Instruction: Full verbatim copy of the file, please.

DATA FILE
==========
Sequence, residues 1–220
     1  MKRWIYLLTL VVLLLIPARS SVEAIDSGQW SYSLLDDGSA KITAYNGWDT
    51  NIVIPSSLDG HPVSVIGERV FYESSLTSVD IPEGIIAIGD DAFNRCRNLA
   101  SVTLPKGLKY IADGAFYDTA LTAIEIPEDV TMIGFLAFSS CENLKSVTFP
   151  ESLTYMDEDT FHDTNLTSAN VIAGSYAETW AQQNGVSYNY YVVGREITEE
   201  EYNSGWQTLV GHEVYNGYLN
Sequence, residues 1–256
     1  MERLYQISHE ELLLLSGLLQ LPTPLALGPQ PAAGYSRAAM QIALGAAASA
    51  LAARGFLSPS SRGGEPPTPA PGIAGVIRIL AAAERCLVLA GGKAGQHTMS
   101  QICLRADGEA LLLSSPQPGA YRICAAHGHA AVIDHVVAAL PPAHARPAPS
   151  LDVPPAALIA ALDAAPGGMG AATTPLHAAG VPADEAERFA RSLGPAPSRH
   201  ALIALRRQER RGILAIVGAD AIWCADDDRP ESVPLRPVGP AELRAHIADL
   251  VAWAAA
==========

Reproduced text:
Sequence, residues 1–220
     1  MKRWIYLLTL VVLLLIPARS SVEAIDSGQW SYSLLDDGSA KITAYNGWDT
    51  NIVIPSSLDG HPVSVIGERV FYESSLTSVD IPEGIIAIGD DAFNRCRNLA
   101  SVTLPKGLKY IADGAFYDTA LTAIEIPEDV TMIGFLAFSS CENLKSVTFP
   151  ESLTYMDEDT FHDTNLTSAN VIAGSYAETW AQQNGVSYNY YVVGREITEE
   201  EYNSGWQTLV GHEVYNGYLN
Sequence, residues 1–256
     1  MERLYQISHE ELLLLSGLLQ LPTPLALGPQ PAAGYSRAAM QIALGAAASA
    51  LAARGFLSPS SRGGEPPTPA PGIAGVIRIL AAAERCLVLA GGKAGQHTMS
   101  QICLRADGEA LLLSSPQPGA YRICAAHGHA AVIDHVVAAL PPAHARPAPS
   151  LDVPPAALIA ALDAAPGGMG AATTPLHAAG VPADEAERFA RSLGPAPSRH
   201  ALIALRRQER RGILAIVGAD AIWCADDDRP ESVPLRPVGP AELRAHIADL
   251  VAWAAA